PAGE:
Monetary Policy: Global Uncertainty a Consideration?

Economic calm must ripple overseas for real growth

by Ron D’Vari and James Frischling

Weekly market view from NewOak Financial

Higher U.S. interest rates and a stronger dollar inevitably will lead to redirection of investments and capital flows back into the United States. Given a still fragile and uncertain global economy, tapering the U.S. Quantitative Easing (QE) and the potential for eventual monetary tightening have caused real concerns among many central banks around the world, including the U.S. Federal Reserve itself.

Emerging markets have been in a funk partly in reaction to the Federal Reserve’s signaling and its first action to taper its QE. As a result emerging market equity indices are experiencing a four-month low in both local and dollar terms after lagging significantly in 2013.

Troubles in the international markets would quickly boomerang back to the U.S. economy. Hence a pre-condition to ending the U.S. stimulus will be a relatively healthy and robust global economy, especially in the emerging markets. The Federal Reserve is cognizant and has indicated that it is carefully monitoring global capital flows and considers them in its debates. Stanley Fischer, if confirmed by the U.S. Congress as vice chairman of the Federal Reserve, will bring a great deal of experience in emerging markets as well as facilitate coordination with other central banks.

U.S. economic growth is not even close to being strong enough to pull the rest of the world up with it. The U.S. labor market remains a big question mark as evidenced by the pathetic December job report indicating only 74,000 new jobs, the lowest monthly jobs growth in three years. U.S. underemployment still stands at 13.1%, only 9% lower than where it began in January 2013 (14.4%). According to the Federal Reserve, there are still 10.4 million people unemployed. Therefore one should not be fooled by the 6.7% unemployment rate, as it has been mainly driven by people leaving the job pool. Furthermore, most new jobs have been in the service sector and not in the manufacturing sector.

Troubles in the international markets would quickly boomerang back to the U.S. economy. Hence a pre-condition to ending the U.S. stimulus will be a relatively healthy and robust global economy, especially in the emerging markets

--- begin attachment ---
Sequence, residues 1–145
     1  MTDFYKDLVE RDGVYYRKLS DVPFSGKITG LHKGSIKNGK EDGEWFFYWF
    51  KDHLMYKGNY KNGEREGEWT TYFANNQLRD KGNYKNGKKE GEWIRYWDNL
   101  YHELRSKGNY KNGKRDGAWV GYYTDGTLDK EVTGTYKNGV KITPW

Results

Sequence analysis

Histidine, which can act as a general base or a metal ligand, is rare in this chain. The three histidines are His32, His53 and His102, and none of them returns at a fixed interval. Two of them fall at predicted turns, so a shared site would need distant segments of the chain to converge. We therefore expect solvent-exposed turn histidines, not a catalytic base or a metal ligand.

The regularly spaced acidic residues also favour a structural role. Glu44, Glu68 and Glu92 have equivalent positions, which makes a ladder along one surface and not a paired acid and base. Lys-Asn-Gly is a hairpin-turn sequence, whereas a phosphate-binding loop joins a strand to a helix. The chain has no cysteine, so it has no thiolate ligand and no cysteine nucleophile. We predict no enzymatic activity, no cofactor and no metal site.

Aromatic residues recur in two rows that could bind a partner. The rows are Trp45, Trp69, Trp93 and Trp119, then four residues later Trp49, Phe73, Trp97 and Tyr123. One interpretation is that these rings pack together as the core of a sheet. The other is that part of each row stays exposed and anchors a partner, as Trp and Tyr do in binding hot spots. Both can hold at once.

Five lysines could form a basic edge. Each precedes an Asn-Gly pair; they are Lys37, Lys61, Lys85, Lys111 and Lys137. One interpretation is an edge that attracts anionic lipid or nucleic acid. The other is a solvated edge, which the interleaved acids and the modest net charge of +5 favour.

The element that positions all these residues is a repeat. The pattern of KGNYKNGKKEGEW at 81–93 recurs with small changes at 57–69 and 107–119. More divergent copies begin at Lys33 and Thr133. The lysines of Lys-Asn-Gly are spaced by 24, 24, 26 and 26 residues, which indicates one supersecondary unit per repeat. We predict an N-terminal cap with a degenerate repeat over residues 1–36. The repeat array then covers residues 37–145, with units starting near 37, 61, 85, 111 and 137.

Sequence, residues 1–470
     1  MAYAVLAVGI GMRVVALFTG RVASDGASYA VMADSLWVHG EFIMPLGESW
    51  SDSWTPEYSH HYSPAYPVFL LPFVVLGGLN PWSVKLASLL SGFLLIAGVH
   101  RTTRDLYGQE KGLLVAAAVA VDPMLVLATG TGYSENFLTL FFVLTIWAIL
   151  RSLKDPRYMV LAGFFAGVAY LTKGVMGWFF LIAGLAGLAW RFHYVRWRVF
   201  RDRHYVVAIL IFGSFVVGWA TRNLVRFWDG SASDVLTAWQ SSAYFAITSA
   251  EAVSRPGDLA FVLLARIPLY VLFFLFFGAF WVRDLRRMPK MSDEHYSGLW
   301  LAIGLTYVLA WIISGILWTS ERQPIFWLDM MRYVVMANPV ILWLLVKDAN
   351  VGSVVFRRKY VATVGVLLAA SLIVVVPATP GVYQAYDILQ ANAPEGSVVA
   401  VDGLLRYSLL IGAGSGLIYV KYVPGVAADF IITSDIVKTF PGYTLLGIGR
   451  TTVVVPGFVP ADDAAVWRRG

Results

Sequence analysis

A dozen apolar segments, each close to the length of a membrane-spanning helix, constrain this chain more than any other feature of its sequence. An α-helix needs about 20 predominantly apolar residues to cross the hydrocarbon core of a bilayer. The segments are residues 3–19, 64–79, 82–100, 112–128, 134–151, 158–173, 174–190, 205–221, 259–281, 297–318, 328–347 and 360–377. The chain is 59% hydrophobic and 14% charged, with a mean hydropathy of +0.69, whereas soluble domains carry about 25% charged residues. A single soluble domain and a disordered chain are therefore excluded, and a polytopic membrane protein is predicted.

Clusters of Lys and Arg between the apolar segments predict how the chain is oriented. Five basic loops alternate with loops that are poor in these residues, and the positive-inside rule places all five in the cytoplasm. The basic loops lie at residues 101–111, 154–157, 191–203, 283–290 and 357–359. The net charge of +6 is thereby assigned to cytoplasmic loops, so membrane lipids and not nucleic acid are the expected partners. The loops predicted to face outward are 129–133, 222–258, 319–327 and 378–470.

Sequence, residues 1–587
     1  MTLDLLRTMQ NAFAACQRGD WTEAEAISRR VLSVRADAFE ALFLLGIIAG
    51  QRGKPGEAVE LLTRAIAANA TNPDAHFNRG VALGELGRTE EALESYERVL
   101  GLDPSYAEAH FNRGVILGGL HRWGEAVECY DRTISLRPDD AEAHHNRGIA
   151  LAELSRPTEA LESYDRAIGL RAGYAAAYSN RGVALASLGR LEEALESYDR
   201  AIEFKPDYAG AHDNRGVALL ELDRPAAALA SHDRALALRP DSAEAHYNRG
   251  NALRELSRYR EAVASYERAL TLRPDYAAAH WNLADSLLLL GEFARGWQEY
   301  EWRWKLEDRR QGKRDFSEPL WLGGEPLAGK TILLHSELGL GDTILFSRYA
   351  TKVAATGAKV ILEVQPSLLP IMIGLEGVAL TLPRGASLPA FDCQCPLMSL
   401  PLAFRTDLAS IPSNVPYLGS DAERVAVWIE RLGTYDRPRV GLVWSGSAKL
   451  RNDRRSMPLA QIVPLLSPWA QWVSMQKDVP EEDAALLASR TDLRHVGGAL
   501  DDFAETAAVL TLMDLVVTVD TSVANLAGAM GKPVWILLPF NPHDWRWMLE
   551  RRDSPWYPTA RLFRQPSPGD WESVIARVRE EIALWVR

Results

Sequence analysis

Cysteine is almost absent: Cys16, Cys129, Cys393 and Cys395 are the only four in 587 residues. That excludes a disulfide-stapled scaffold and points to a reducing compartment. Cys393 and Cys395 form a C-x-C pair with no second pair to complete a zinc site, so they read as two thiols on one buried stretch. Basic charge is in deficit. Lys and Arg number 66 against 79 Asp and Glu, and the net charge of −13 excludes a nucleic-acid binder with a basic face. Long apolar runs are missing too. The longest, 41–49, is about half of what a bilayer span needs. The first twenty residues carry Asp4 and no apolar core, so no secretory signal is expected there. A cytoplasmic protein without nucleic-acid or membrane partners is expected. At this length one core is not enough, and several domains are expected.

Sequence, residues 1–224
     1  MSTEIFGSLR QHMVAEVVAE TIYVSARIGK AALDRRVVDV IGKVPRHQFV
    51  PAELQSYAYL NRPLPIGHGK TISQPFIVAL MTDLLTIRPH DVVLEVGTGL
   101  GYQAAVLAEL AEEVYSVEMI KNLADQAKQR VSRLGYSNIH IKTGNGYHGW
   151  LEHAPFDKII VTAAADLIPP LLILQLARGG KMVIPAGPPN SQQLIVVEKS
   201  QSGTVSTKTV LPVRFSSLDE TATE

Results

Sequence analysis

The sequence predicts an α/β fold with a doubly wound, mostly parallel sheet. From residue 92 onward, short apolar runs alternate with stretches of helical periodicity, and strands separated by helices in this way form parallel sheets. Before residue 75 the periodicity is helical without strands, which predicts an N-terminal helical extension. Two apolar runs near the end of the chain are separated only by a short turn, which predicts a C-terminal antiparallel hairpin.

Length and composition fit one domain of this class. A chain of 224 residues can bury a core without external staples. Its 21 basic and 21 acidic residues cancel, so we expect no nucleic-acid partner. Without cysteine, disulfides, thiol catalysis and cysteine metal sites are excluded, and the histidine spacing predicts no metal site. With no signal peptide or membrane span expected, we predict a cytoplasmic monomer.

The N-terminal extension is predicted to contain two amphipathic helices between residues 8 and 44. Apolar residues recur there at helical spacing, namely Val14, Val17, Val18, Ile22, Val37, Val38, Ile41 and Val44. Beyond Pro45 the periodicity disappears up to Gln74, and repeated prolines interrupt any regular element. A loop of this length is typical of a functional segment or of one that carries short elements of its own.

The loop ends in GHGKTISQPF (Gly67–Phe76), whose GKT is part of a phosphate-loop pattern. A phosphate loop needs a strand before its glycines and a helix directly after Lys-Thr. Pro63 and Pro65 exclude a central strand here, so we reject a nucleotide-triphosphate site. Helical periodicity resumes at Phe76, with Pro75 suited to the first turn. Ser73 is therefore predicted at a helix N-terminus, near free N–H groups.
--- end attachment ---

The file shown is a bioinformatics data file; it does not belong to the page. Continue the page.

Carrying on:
Companies are generating healthy cash flows but their expenditures and investments are lagging their strong income. Hence U.S. corporate cash levels are at a record high of over $2 trillion. This is partly an indication that American corporate managers have not yet fully bought into the strong growth story and still hold a more cautious investment outlook.

More than any other past economic inflection point, the Federal Reserve will be watching the implications of its policies on emerging markets and capital flows as their health directly influences the domestic economy. This would hopefully be in coordination with other central bank policy makers, which Fischer can help with if confirmed.

Mortgage Settlements, Litigation Reserves and Subdued Earnings: Storm Warning or Smooth Sailing?

According to a recent article in The New York Times, banks are bracing for nearly $50 billion in settlements in order to put the flood of government-related mortgage litigation behind them. The recent $13 billion settlement between JP Morgan and the government helped drive the math behind this potential reckoning. This will force banks to increase their litigation reserves and will impact earnings—a combination likely to create headwinds in the financial sector, which returned 26% in 2013.

A number of big banks report earnings this week and some of the larger lenders are expected to announce lower earnings and revenues as a result of the legal settlements and additional reserves associated with these settlements and pending litigation.

Banks have been able to drive earnings in part due to cost-cutting measures and increasing efficiencies, essentially doing more with less. But there are diminishing returns to this strategy. Mortgage refinancing has also been a key driver of revenues, but an increase in mortgage rates, coupled with the start of the government tapering, will force banks to find new sources of earnings growth.

However, despite the size of the expected settlements, banks want to put the fight with the government behind them and the numbers are manageable. Add to that the expected continuation of a low interest-rate environment and a pick-up in capital markets fueled by an increase in M&A activity and IPOs, and the financial sector appears ready, willing and able to weather the settlement storm and have another strong year in 2014.